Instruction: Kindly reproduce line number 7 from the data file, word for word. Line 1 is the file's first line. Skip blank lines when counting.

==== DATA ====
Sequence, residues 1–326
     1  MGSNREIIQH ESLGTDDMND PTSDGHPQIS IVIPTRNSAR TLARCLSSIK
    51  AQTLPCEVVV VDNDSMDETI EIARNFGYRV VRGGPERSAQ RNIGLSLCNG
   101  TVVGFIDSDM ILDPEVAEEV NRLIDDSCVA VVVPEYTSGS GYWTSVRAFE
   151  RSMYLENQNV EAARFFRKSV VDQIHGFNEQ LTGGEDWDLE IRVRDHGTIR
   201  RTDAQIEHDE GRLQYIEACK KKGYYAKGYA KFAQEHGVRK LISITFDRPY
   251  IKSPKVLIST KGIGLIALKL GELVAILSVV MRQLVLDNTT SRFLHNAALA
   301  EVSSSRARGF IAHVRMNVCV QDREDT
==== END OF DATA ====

   251  IKSPKVLIST KGIGLIALKL GELVAILSVV MRQLVLDNTT SRFLHNAALA